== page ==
One huge fault of the book is Pinsky's constant lengthy summaries of each movie he talks about. Literally every chapter is a frame by frame look at the film in question. As an English major in college, I was taught that when you write an essay you should always avoid giving the summary of said subject. The person who is reading your essay or group of essays will most likely be reading it with knowledge of the content beforehand. They don't need to hear it again, they just need to hear your analysis. And if the chapter didn't contain a summary, it was Pinsky bitching about the movie's lack of political correctness. I gained nothing from these chapters which was extremely disappointing.
Another huge fallback of the book was it's lack of even addressing the gospel at all. The chapters talked more about Disney and culture and went on more about tropes and stereotypes. We get it! People talk about this all of the time. Why do we need to hear about it again? Chapters such as Alice and Wonderland and Aladdin never mentioned the gospel once. It made me question why I was continuing with the book when it wasn't even addressing the subject it claimed to tackle in the actual title! And there were a few mistakes made throughout the book as well. The one I can remember off the top of my head was in the Alice in Wonderland chapter when Pinsky kept calling Alice's older sister her governess.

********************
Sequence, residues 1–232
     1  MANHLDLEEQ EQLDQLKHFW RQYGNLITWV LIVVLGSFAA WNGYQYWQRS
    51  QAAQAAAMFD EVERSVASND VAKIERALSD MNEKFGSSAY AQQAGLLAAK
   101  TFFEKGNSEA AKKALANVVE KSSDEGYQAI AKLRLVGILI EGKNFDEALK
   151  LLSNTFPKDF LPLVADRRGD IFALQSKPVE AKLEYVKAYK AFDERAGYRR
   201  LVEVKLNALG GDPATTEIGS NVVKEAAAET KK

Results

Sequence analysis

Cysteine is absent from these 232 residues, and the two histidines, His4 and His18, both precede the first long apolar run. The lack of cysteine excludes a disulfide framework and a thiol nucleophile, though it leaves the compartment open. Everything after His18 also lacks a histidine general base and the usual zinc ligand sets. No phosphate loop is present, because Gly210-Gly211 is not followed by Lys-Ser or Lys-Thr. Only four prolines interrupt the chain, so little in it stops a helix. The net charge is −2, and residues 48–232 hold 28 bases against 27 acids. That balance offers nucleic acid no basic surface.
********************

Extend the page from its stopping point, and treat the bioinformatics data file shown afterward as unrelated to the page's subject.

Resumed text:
And finally, the book's biggest mistake has to be the title. The word "gospel" should not be in it. It is misleading and insulting to the actual Christian gospel. Rather, the book should be titled Religion According to Disney. The book's focus on religious culture and culture in general combined with no focus on any specific faith tells me this book was not about any gospel. It is about organized religion.
This book disappointed me on multiple accounts. It is a real shame because I think there is a lot of potential in looking for the Christian gospel in Disney films but Pinsky went the cynical route. The fact that he didn't take advantage of what could have been some excellent analysis is just inadequate.
In short, this book is a compilation of what has already been said and done before. It added little to no new or interesting commentary to these excellent films.
I can't help but compare this book to a similar book I read earlier this year titled The Wisdom of Pixar by Robert Velarde. That book not only looked at Christian wisdom but philosophical wisdom and it took that knowledge and applied it to the Pixar movies. It dissected Pixar and showed where the gospel was hidden and what we as Christians or general audience can gain from it. This does not happen in The Gospel According to Disney and this is what I wanted and expected and I don't think I am alone in feeling this way.
Overall, this book wasn't very good. There were some interesting chapters about Walt himself and the Disney company outside the movies but it really was poorly structure otherwise. For what the book was going for, it wasn't a terrible book. It did a fair job at illustrating how Disney became the almost religious icon that it is today and explained the morals Disney films present that fans live by. But the glaring problems like the misleading title, the semi-present gospel analysis, and the consistent dull summaries were what I would expect from an amateur. I will give this book 2.5 out of 5 stars.